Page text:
Disclosure Statement and What to Bring

A Meditation Therapy Retreat is an opportunity for you to examine your life, including your thoughts, feelings and behavior. You will begin the retreat with a statement or prayer concerning the areas of your life that you are interested in examining and changing, including spiritual, intellectual, emotional, material, and inter-personal areas. You may cover anything that is important to you. This should be a simple statement from your heart.

During the retreat there will be a variety of experiences, including meditation. Depending on the needs of the group, there may be time in nature, two person exercises, role playing and psychodrama, working with dreams, feedback from others, sharing before the entire group, movement, art, massage, metaphor therapy and gestalt therapy exercises.

Your job during the retreat will be to actively examine your own experience and to make fresh choices about who you have been and who you will be. You are always free either to leave an exercise or to remain but refuse to participate. It is important that you remain genuine and truthful and that you speak up about anything that may trouble you. It is your responsibility to obtain results from this workshop. The facilitator will work as effectively as he is able, but most of this work is intuitive because of the special needs of individuals and groups. In coming to this retreat, you accept responsibility for your own results and you agree not to sue for damages resulting from your participation.

Caution: People who have a weak sense of personal identity, who received inadequate attention from their mother or primary caretaker, or who hear voices or see visions that others do not see in the real world, may have difficulty in this workshop. They may suffer psychotic experiences that could require a stay in a hospital or mental health facility.

If you have been hospitalized for a psychiatric or mental condition, then you should consult with a psychologist or psychiatrist before deciding to take this Weekend, and you should bring a signed note stating that the psychologist or psychiatrist is satisfied that it is reasonable for you to attend. If you have any concern that you may not be suitable for this workshop, talk it over with Peter Bloch, at 416-656-9646. He may recommend that you be evaluated to help to assure your safety.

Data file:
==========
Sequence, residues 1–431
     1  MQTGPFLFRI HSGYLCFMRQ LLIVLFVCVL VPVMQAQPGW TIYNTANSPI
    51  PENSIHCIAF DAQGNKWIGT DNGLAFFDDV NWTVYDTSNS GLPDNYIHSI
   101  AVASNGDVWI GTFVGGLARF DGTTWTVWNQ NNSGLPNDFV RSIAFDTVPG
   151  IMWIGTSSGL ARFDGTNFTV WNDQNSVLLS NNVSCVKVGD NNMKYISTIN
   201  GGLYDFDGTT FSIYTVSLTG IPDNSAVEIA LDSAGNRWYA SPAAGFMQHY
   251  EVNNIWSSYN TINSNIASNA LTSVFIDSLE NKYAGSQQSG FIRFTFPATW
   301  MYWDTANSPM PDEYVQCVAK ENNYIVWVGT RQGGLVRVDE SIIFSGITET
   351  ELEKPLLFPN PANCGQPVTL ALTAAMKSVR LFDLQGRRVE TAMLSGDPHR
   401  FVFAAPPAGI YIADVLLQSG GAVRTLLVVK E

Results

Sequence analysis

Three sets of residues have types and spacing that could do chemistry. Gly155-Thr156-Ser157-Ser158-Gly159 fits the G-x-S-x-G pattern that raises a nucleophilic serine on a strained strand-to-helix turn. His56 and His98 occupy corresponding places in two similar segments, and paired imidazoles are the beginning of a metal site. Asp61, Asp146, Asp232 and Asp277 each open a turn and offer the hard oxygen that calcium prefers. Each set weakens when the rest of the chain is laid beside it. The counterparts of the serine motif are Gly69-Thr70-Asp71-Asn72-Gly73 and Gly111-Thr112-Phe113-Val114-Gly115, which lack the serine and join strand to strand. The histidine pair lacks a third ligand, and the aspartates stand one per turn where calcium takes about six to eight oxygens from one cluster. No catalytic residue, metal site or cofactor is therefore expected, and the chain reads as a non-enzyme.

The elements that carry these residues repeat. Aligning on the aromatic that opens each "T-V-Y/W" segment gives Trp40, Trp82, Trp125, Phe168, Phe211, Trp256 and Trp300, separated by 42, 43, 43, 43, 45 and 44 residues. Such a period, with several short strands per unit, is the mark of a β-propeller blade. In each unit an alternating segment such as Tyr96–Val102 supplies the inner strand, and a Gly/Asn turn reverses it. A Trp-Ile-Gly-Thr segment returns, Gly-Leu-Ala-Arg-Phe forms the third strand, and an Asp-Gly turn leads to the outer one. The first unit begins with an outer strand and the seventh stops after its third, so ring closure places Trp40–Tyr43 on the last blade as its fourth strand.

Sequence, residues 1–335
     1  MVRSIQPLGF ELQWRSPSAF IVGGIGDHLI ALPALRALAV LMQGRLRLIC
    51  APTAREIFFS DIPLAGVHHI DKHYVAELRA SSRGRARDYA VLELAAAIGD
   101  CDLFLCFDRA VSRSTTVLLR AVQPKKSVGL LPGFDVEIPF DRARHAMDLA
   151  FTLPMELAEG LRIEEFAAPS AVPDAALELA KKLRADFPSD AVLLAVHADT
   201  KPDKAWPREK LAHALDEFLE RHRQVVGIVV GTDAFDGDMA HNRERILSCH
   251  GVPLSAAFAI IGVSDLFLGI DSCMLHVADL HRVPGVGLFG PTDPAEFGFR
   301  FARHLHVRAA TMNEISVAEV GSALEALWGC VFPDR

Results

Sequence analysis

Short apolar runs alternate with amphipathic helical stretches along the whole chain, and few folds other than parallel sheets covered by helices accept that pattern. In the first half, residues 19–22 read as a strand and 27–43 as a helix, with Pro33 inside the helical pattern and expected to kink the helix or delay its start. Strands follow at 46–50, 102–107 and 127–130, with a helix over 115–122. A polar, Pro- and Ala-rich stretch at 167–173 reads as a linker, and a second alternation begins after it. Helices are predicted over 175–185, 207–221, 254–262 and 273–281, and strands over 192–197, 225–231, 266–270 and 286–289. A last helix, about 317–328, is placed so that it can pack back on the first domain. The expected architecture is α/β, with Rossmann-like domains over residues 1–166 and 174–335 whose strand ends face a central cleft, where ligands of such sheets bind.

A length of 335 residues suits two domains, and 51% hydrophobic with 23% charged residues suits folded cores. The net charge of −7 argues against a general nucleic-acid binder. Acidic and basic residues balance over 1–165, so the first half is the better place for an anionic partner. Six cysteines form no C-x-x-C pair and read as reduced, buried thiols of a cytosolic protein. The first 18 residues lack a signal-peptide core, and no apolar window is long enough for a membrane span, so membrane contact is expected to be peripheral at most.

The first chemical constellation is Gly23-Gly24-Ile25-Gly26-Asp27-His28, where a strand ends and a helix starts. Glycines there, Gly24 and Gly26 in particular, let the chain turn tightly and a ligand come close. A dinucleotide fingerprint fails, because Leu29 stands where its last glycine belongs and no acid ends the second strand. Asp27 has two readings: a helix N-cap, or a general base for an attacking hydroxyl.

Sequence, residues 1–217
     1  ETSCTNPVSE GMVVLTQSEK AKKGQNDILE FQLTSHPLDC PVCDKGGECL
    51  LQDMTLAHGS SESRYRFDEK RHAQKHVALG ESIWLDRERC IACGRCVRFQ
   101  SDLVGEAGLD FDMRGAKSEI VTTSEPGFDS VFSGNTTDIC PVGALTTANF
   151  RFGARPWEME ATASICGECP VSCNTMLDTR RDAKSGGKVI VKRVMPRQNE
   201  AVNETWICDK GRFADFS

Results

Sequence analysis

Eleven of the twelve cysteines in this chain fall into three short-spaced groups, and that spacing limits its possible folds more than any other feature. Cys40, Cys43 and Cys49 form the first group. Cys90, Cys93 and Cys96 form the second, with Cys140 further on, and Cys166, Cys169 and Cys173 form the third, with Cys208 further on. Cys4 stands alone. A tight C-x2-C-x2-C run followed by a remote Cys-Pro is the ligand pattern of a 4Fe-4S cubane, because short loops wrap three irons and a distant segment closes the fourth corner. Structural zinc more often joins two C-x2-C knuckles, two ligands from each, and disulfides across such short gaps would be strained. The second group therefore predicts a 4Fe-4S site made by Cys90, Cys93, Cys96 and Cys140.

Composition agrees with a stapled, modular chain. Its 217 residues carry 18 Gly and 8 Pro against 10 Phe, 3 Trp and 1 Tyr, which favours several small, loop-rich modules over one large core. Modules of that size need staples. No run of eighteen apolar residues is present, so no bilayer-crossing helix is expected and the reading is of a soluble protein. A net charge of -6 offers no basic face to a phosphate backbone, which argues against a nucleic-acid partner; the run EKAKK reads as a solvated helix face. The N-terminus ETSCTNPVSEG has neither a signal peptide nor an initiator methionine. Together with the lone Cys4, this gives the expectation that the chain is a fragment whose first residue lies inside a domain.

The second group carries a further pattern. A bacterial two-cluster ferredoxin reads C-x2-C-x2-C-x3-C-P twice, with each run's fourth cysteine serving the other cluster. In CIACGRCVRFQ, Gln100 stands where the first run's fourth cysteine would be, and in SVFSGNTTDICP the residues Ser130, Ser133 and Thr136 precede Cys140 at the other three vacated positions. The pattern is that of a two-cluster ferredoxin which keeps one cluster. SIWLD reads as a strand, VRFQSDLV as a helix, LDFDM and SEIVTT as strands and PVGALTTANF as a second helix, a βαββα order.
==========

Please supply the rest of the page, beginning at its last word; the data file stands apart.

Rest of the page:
Confidentiality.   By attending this Weekend, you agree to keep confidential all statements made by any person other than yourself, unless you obtain permission from the person who made the statement. Every participant and the leader will make this same guarantee. However, you should know that the confidentiality of the workshop depends on the responsibility of every participant and cannot be guaranteed. In addition, under Ontario law, there are responsibilities to report child abuse, serious threats of suicide or crimes planned against others and to provide information required by court order.

I certify that I have read and understood this statement and that I voluntarily choose to attend the scheduled Meditation Therapy Weekend.


Printed name:


Dates of Weekend:

Please complete this form and mail it, together with your $50 deposit, to
Peter Bloch
83 Glenholme Avenue
Toronto, Ontario M6H3B2

P.S. What to bring.  This retreat focuses on meditation and on other techniques for transforming the life of the participants and improving their relationships. We will wear very casual, loose clothes and will bring sleeping bags or bedding and sleep on mats on the floor. We also will eat pot-luck style by bringing vegetables, dried fruits, cold cereals, oatmeal, milk, juices, bread and crackers, cheese, water (if we prefer), nuts, fruits, salad ingredients, and other low-preparation foods so that we will be light and will not divert a lot of our attention to our usual routines of eating and preparing food. We start early in the day and end late, often with a mid-day break for contemplation and being in nature. Everything is arranged for you to have an excellent opportunity to break free from the fixed habits that people often use to defend themselves against change.